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Hundreds join student protests at two Beijing universities over COVID-19 measures

Hundreds of students gather have been gathering this week at two Beijing universities to protest over COVID-19 restrictions, according to video footage uploaded to social media.

Hundreds of students at the China University of Political Science and Law (CUPL), and at Beijing Normal University (Beishida), gathered to show their displeasure with current restrictions on t heir movements, as the ruling Chinese Communist Party (CCP) continues to roll out its zero-COVID policy across the country following a grueling weeks-long lockdown in Shanghai.

The protests came as district officials in Beijing’s Haidian district announced a local lockdown, with classes at the two universities suspended from Monday.

Students at CUPL gathered in their hundreds outside the main block, lighting up their phone flashlights, and demanding the option to go back home, as well as clear information about the timing of final exams and greater transparency from the school administration.

The rally was followed by a similar gathering at Beishida on Tuesday, during which some protesters shouted historic slogans linked to China’s first peasant uprising in 209 BC.

Footage of the protest posted to social media showed a crowd of people waving their lit-up mobile phones.

“Everyone is concerned right now about the policies the university is announcing,” a student says in one of the clips. “[We] demand clarification of the timing and methods used for the final exams, and that they respond positively to student demands, with no backlash or interviews.”

A poster at Beishida said the administration had given them a verbal promise that they would be able to at least apply to go back home for the duration of the COVID-19 measures, and promised not to retaliate against students who took part in the protest.

A scene of students at Beijing Normal University rallying against  restrictions on their movements under the Chinese Communist Party's zero-COVID policy, May 24, 2022. Credit: Participants.
A scene of students at Beijing Normal University rallying against restrictions on their movements under the Chinese Communist Party’s zero-COVID policy, May 24, 2022. Credit: Participants.

‘They want their freedom back’

A Weibo post said some 300 people turned out on Tuesday evening, although around 500 were expected to take part.

Another source said most of the students were angry over the decision to stop face-to-face classes, while still requiring students’ presence on campus to take part in online classes, citing other students at different universities in the same district who were being allowed home.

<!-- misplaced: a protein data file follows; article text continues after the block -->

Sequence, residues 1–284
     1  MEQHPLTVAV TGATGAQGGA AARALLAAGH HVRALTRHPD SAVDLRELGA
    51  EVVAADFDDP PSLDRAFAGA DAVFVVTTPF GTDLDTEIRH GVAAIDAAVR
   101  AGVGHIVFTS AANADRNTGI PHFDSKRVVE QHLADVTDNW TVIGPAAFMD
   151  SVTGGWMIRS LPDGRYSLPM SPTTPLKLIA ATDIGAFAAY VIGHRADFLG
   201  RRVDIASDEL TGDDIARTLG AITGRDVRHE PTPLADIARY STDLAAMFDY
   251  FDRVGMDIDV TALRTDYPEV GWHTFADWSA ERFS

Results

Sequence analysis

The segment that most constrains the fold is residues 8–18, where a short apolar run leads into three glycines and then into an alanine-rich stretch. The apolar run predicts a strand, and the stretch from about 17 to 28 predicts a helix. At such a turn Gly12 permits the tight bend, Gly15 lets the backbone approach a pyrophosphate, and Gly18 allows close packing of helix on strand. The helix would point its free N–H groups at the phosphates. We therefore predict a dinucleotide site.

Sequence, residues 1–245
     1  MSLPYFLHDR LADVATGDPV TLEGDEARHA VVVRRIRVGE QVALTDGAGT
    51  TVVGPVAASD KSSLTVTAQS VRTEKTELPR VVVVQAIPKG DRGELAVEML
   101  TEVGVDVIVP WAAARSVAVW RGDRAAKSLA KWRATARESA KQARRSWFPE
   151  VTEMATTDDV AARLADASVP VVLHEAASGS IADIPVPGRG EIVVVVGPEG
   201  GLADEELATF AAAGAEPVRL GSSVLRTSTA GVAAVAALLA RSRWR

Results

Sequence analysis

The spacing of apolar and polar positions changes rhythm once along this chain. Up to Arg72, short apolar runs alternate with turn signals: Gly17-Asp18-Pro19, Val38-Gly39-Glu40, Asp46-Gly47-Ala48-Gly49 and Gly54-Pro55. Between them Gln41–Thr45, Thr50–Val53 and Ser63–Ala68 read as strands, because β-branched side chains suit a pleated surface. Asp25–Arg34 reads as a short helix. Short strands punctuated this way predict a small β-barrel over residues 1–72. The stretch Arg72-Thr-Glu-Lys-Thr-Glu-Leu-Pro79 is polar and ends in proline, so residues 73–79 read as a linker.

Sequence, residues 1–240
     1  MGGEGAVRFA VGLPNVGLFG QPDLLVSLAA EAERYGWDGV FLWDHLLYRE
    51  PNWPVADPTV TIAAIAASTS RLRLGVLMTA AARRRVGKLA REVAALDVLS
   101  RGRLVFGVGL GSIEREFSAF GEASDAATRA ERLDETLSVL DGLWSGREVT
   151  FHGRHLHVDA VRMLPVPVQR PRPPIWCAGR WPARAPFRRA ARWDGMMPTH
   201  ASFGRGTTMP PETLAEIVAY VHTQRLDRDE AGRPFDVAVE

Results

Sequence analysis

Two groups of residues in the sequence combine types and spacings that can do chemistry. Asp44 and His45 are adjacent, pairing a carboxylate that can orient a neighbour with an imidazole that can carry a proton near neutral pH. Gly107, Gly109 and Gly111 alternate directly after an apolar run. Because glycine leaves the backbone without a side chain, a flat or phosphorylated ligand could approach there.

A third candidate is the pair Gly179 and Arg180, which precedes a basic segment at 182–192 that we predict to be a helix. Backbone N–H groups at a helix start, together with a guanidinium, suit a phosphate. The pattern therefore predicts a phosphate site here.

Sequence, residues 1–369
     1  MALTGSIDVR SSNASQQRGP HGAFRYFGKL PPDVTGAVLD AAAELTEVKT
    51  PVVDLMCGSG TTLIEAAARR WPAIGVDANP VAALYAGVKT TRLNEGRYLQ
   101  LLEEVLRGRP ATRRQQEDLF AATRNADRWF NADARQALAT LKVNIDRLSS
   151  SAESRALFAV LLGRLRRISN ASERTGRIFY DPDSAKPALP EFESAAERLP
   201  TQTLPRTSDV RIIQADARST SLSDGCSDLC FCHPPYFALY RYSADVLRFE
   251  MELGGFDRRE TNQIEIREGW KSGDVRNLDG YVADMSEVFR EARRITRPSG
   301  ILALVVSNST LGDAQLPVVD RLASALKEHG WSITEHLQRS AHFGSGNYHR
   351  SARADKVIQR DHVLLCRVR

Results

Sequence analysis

A resident of Haidian who gave only the surname Zhang said the students want some measure of freedom back.

“Students feel that being stuck indoors all day isn’t what they signed up for, and they want their freedom back,” Zhang said. “Similar incidents took place at the Beijing International Studies University (BISU).”

“I don’t know when Beijing will get back to normal; they are estimating not until June,” Zhang said.

Beishida announced on Tuesday that many students are currently on their way back home to study from their hometowns, and will complete their studies and exams online.

June 4 anniversary approaches

People’s University alumnus Guo Baosheng, who now lives in the U.S., said students have shown that there is still a spirit of resistance, and that the university’s diplomatic approach — at least promising to meet some of their demands — was likely due to the fast-approaching 33rd anniversary of the student-led protests of 1989 and their bloody conclusion in the Tiananmen massacre.

“One of the reasons for the compromise is that zero-COVID is causing very real public resentment,” Guo told RFA. “The lower-ranking cadres, including school leaders, are actually very unhappy about the zero-COVID approach, and should be somewhat flexible.”

“Another reason is that we are entering the most sensitive period for Beijing colleges and universities, namely, the anniversary of June 4, 1989,” he said.

Guo said the authorities typically step up surveillance and monitoring of students’ activities in the run-up to the anniversary.

“I was a key target in my school around the June 4 anniversary in 1993,” he said. “The school leaders will need to guide students [to a satisfactory resolution] before [the anniversary], so as to minimize potential instability.”

This year’s anniversary is all the more sensitive as it falls ahead of the 20th party congress later this year, during which CCP leader Xi Jinping is hoping to be voted in for an unprecedented third term in office.

The official website of the Tiananmen district management committee of the Beijing municipal government said on Tuesday it is suspending all spontaneous visits to Tiananmen Square through June 15.

Tourists wishing to view the square must book a slot a day in advance, have a green code on their COVID-19 test and trace app, and a negative PCR test from within the last 48 hours, it said. All visitors will have to pass through security checkpoints, as usual.

Meanwhile, Chaoyang district resident Ye Jinghuan said the area has been under tight restrictions for the past 20 days, with all residents required to work from home, and schools, restaurants and public transportation all shut down.

“The most unbelievable thing about this is that many communities are totally negative, and yet they are still under lockdown,” Ye told RFA.

“If you want to leave Shibalidian township, you need to get a pass, a PCR test certifcate and so on,” Ye said. “As of [Sunday], five Beijing districts have required residents to work from home and shut down public transportation.”

Translated and edited by Luisetta Mudie.